SEOUL, Mar 06, 2009 Hyundai Motor Co. (KSE:005380)
Chairman Chung Mong-koo said Friday he will embrace the worst crisis the global automobile industry has seen in decades as an opportunity to boost sales and raise the company's profile worldwide.
"The global auto industry is now in the midst of a fierce battle for survival," Chung told an annual shareholder meeting of Kia Motors Corp., an affiliate of Hyundai.
"We will overcome the global auto crisis by putting our priority on increasing sales," the 71-year-old chairman said. "The crisis, in other words, is an opportunity for innovation."
Undeterred by the deepening global economic slump, Chung said Hyundai and Kia, which together form the world's fifth-largest automaker, will "aggressively develop new growth engines" by spending more on research and improving quality.
Analysts say Hyundai is better positioned to weather the global economic crisis because of its line-up of cheaper cars and the South Korean currency's weakness against the U.S. dollar.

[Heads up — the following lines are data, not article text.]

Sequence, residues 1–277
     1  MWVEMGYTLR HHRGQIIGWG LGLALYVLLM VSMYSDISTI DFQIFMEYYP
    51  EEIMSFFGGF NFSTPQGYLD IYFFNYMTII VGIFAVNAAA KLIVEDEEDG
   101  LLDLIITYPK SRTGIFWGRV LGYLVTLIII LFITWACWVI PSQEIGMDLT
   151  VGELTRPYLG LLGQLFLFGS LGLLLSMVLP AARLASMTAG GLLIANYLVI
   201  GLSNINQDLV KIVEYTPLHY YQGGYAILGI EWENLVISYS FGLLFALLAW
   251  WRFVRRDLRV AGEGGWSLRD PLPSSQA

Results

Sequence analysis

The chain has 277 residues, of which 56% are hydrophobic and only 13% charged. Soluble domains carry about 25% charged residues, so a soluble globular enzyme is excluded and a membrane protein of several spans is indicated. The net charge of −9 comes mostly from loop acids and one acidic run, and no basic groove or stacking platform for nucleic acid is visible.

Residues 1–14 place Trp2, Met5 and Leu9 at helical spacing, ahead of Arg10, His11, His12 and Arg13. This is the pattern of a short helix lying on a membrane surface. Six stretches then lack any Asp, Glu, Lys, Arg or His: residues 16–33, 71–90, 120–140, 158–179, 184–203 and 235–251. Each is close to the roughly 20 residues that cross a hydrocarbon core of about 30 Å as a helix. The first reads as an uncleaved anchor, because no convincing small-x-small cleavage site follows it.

Last month, Hyundai saw its total sales fall 3.2 per cent to 203,236 vehicles. But the carmaker has been relatively content as it is faring considerably better than its Japanese and American counterparts in the U.S. market, where vehicle sales plunged to their lowest level in 27 years as the economic recession deepened.
Hyundai posted a 1.5 per cent drop in U.S. auto sales last month, compared with a 39.8 per cent plunge at Toyota Motor Corp. of Japan and a 38-percent drop at Honda Motor Co.
Hyundai is taking a bigger slice of the slumping U.S. market, helped by its generous incentive program that allows American customers experiencing financial difficulties to return their vehicles free of charge.
Under the program, those who purchased a Hyundai vehicle but can not make their payments due to layoffs, personal bankruptcy or accidental health issues can return the vehicle within a year of purchase.
Meanwhile, Chung officially resigned as director of Kia's board on the same day.